Three Pillars to Leverage Technology and Drive Efficiency

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There are a lot of questions about the future of healthcare right now.  Operating at the highest level will always be a top priority for systems.  One way to combat the possibility for adverse effects is identifying gaps in the use of technology across supply chain management systems.

Yes, they still exist in 2017.

Healthcare spending in the United States is projected to reach nearly five trillion dollars by 2021, but an Institute of Medicine report shows $750 billion a year is wasted by our healthcare system.[1]  One way to turn around inefficient practices is by looking at your technology in three pillars.

Pillar 1: Foundational Processes

Start with the basics and keep it simple. Healthcare systems should look at their supply chain processes.  Are you tackling as much as you’d like with your current process or platform?  If you’d like to check if that foundation is running on all cylinders, take a closer look at the work flow from electronic invoices, key metrics, fill rates and price accuracy.  According to a GHX industry report about how optimized the payment process is in healthcare, respondents rank invoice processing as one of the areas where automation gives them the most value. Yet, 62 percent receive less than one-quarter of their invoices electronically instead of via paper documentation.

Pillar 2: Operational Excellence

Here’s where technology in your supply chain process can help you establish savings on labor: analyze your replenishment process.  If you’re still managing your inventory by manually counting the items, you’ve just identified a giant hole. So, consider using a Lean Kanban method for your replenishment system.  Having an efficient hospital inventory logistics system can account for 30-40 percent of a hospital’s operating budget.  Apply technology, and think of the long-term savings that come from leveraging an electronic system.

Another practice to note when working to eliminate these gaps in technology is to “let it go” if you find something isn’t working.  You should be able to measure discreet data whether your system and processes are working and at least maintaining minimum standards.  If the critical measurements are showing a positive trend, do not be afraid to expand on that technology.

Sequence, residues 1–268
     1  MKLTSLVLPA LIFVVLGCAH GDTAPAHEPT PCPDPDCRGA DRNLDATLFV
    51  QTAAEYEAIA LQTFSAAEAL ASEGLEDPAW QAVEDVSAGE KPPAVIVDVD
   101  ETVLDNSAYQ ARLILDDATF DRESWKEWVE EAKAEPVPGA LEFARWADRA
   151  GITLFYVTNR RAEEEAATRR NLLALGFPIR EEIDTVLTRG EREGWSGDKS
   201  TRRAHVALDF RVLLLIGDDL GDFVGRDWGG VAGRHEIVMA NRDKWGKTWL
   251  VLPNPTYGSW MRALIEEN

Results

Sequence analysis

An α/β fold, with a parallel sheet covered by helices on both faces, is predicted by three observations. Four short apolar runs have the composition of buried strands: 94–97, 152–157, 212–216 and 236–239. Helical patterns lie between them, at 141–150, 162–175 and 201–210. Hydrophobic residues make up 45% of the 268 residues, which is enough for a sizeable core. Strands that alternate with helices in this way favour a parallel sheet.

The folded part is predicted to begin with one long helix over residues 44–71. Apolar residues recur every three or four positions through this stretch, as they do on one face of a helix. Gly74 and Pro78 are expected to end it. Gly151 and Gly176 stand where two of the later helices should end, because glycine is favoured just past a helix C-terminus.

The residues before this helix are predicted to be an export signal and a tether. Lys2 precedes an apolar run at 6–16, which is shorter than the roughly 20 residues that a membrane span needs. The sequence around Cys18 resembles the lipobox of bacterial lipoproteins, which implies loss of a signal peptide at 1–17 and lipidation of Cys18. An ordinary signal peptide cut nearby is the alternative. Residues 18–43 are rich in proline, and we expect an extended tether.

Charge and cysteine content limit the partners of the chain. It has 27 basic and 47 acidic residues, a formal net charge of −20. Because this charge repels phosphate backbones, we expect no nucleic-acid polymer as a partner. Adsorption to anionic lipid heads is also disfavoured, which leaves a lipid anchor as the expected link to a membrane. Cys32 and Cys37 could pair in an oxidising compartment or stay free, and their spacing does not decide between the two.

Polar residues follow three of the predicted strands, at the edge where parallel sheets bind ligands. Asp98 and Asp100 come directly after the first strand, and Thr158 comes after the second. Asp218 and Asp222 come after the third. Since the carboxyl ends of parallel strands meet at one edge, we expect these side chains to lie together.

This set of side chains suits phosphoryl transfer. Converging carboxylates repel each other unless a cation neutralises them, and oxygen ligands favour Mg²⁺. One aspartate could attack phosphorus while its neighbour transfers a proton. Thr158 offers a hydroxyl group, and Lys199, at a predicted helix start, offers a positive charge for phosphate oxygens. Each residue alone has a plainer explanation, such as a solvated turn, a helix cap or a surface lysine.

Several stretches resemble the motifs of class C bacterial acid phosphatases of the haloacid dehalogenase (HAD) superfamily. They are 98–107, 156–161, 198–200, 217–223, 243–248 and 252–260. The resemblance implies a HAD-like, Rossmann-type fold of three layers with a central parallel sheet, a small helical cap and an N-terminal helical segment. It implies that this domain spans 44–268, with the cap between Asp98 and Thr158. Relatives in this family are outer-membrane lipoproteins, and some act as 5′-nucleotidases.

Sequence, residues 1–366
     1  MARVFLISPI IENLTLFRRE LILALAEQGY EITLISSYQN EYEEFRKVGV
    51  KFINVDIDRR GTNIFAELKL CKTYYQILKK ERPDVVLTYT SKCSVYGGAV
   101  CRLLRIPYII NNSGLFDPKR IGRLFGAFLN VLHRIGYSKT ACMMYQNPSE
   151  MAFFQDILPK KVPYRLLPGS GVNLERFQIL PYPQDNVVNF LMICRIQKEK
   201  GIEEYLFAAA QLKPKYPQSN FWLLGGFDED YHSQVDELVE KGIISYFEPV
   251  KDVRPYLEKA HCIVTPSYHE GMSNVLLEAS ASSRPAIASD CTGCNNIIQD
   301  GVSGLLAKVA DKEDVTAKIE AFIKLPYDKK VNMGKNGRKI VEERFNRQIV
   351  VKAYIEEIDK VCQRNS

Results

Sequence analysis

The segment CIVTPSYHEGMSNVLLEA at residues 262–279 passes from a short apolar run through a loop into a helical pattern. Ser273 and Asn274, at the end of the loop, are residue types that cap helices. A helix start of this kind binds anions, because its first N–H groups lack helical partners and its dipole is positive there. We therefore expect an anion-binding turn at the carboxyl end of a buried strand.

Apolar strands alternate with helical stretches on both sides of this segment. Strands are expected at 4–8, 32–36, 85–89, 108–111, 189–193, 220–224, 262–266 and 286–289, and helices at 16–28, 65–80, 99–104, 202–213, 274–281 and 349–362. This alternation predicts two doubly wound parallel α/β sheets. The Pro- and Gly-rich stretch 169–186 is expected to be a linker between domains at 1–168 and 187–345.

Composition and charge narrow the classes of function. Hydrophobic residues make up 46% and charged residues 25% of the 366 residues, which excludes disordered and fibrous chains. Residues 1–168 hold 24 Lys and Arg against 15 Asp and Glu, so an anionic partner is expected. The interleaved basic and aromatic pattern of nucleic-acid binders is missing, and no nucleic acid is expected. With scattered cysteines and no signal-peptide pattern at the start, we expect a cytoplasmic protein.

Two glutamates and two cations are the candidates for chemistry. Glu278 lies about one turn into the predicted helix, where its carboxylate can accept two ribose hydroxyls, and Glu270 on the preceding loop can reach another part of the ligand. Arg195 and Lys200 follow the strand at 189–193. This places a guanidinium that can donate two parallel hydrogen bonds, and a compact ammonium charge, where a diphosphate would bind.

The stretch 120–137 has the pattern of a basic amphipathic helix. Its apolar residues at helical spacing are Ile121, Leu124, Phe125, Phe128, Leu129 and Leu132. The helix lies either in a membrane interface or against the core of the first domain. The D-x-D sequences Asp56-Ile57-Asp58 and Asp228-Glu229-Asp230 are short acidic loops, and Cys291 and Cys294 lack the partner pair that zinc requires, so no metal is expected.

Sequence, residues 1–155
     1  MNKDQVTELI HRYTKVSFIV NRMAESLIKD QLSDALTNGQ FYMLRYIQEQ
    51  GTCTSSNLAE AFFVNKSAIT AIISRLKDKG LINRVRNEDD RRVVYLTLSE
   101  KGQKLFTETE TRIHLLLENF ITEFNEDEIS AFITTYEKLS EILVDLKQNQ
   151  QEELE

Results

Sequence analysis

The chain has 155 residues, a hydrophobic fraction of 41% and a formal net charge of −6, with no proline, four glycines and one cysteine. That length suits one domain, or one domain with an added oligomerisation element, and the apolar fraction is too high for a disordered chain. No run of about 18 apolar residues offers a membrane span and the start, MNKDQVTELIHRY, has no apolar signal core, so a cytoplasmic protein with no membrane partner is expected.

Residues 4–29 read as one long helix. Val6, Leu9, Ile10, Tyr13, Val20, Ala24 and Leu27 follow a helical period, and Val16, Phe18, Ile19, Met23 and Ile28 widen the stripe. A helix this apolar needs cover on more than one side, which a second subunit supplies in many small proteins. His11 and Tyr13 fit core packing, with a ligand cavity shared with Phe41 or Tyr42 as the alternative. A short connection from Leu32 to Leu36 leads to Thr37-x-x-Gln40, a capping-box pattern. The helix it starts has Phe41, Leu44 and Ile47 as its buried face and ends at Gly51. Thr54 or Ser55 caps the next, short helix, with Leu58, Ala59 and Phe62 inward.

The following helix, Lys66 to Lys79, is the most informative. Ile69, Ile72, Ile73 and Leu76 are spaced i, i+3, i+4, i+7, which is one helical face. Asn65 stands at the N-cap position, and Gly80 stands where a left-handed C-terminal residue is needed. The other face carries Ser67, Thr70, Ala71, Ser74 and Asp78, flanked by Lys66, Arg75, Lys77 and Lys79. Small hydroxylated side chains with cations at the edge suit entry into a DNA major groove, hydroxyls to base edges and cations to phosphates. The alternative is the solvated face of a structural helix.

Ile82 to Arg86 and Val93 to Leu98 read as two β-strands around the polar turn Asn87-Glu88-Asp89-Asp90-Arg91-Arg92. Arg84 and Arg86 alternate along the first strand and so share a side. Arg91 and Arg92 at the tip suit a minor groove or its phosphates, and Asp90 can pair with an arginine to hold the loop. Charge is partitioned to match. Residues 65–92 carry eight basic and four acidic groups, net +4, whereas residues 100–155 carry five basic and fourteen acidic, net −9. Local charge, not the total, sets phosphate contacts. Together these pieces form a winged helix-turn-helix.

Pillar 3: Future State Strategy

Waiting to see where things go with your technology and processes isn’t a strategy.  Five years will go by in five years, and it will go by much more quickly than you expect.  Start with a white board and lay out your wish list for the future so you can actively develop a plan to help bring that vision to life. Consider having people from accounts payable, contracting/value analysis or IT participate in the brainstorm to automate the “procure to pay” process as much as possible. This will also help ensure you have data to support ancillary systems well (think electronic medical record and charge description master), or have a system that can manage the high dollar inventories in your OR and diagnostic areas.

If that still seems overwhelming, identify two improvements you would like to implement with your existing or new technology.  If you do two each year for five years, you can look back at 10 measurable aspects of technology improvements within your supply chain.

At the end of the day, you must be able to measure whether your system is working its best for you.  Technology can only go so far if there are holes within your process and you don’t have a means to measure for success.

How are you measuring for success and using technology to help get your organization there?

[1] http://www.nationalacademies.org/hmd/~/media/Files/Report%20Files/2012/Best-Care/BestCareReportBrief.pdf

About the Author
Dave Rolston

Dave Rolston

Dave Rolston serves as Medline’s vice president of corporate sales technology. In this position, Rolston oversees the growth, implementation and administration of technology-related initiatives and operational aspects of acute care corporate sales. In 1993, Rolston started his Medline career managing a software division. He was promoted to IS director in 2001, and in 2004, began working in sales and marketing for customer-facing technology. Rolston is a member of GS1 US and holds a BS from Eastern Illinois University.


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